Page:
Professors Perera and Pugliese explain that the message of hope is carried out through the Deathscapes project as well.
Professor Suvendrini Perera reiterates that their research encompasses all forms of state custodial responsibility in settler colonial states documenting deaths in police cells, in prisons, immigration detention centres and in situations where people get killed while being pursued by police.
“We want to talk about custody, not just physical custody, but state custody. We also look at people who are held by the state in particular migration statuses. Technically, they are held in a form of custody,” Professor Perera says.
“We also look at how certain kinds of people are excluded and left on the margins of society. We looked at situations that hardly make it in the news like Indigenous femicides."
Indigenous femicides include cases where First Nations women are found dead in parks, in the streets or on rivers. They have been documented in Canada and Australia. “What is the responsibility of state authorities for these deaths,” Professor Perera questions?
She adds that Deathscapes also examined the sleights of hand used by governments to avoid responsibility. The treatment of deaths in offshore detention centres is illustrative of state abdication of its responsibilities.
"The Deathscapes site is designed as a publicly accessible site; a public archive documenting what is happening outside the borders and within Indigenous communities."
“The Australian government does not conduct inquests of people who die in offshore detention centres,” Professor Perera says.
Although at a least a dozen asylum seekers and refugees have died in Australia's offshore detention facilities only one inquest has ever been undertaken.
“Recently we had the case of, Hamid Khazaei, a detainee from Manus Island, who died while he was being treated in Australia. In this case there was an inquest because he died in Brisbane. and the coroner was very clear that we do have responsibility,” Professor Perera reveals.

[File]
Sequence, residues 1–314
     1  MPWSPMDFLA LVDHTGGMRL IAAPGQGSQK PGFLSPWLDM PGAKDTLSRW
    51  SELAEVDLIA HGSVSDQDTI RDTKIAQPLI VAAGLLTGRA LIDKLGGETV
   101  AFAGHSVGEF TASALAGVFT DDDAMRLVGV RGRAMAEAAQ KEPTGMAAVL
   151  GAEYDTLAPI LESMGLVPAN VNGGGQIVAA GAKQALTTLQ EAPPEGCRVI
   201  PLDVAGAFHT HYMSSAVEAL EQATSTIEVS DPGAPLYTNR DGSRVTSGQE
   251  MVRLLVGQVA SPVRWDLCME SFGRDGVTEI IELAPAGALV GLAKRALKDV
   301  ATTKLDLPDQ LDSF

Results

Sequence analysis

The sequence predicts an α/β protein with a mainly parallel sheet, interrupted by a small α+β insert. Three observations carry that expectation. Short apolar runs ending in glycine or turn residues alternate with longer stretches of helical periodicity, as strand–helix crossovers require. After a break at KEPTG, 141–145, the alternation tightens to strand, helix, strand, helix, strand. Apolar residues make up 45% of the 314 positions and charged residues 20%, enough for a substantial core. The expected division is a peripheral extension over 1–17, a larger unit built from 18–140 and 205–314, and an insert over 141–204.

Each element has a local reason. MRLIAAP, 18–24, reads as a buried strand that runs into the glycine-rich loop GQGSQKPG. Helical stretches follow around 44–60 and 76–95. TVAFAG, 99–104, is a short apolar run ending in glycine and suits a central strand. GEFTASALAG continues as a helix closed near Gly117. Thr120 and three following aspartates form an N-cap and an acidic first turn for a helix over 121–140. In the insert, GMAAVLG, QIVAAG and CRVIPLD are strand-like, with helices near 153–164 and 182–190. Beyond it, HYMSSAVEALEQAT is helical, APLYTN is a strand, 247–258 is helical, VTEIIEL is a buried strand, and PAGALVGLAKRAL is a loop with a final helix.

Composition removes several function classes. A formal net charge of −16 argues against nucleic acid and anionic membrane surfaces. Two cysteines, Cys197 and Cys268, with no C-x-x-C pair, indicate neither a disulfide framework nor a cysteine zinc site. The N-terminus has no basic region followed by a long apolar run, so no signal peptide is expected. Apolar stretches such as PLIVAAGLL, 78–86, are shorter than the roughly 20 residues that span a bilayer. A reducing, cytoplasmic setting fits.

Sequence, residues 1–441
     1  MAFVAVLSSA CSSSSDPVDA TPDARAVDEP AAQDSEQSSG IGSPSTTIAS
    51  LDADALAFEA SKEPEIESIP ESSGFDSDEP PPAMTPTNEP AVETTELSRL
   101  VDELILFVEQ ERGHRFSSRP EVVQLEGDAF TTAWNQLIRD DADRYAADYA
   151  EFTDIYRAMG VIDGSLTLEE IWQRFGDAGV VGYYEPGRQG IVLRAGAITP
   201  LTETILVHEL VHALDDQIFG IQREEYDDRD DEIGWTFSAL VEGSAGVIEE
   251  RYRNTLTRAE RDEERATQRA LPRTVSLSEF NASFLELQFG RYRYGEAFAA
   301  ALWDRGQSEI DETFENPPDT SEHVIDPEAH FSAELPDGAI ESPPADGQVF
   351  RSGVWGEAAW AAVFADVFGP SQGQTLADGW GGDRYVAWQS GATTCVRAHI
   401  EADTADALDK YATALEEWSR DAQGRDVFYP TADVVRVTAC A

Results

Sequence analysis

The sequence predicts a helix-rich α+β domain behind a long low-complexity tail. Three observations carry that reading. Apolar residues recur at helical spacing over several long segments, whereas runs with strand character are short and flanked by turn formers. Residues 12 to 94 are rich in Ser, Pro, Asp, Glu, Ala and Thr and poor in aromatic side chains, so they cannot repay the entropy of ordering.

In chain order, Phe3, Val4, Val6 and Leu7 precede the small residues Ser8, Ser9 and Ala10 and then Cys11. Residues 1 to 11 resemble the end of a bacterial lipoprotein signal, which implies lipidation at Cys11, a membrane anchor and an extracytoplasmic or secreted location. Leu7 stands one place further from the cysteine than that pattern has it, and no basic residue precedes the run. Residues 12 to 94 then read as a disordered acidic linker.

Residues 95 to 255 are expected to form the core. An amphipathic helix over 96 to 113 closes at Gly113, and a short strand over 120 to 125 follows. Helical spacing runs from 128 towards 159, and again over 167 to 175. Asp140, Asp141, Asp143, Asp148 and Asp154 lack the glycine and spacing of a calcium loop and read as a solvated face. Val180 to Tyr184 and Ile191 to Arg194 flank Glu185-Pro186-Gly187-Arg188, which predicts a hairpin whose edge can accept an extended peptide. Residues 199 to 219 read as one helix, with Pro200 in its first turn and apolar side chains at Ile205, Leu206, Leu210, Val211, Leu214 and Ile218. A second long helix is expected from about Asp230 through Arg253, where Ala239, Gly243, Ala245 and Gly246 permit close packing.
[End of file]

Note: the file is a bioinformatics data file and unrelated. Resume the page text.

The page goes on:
Deathscapes will be launched this Saturday February 16 with a line-up of prominent Indigenous academics and commentators as well as award-winning artists and human rights advocates.
Both Professor Perera and Pugliese agreed to launch the project at the Settlement in Redfern because of the historical significance of this site .
It is at the Settlement that Uncle Ray Jackson would hold public events marking Indigenous deaths in custody as well as his public ceremonies to hand out ‘Aboriginal passports’ to refugees and asylum seekers. Family members, the wider community and activists were invited to these events.
The chief investigators say the Deathscapes site is designed as a publicly accessible site; a public archive documenting what is happening outside the borders and within Indigenous communities.
“When you look at the Deathscapes website, we don’t want them to be just painful stories. Harrowing stories. We want them to tell the story of the resourcefulness, the resilience of target communities,” Professor Perera says.
She adds, “When these communities write back, they make their own films, their own images; they make their art. And we try to put all of this on our website.”
“Although they may be painful stories, they are also stories of powerful resistance to the forces that are against us”.
The aim of the project is to end deaths in custody and to work together in solidarity, in transnational solidarity.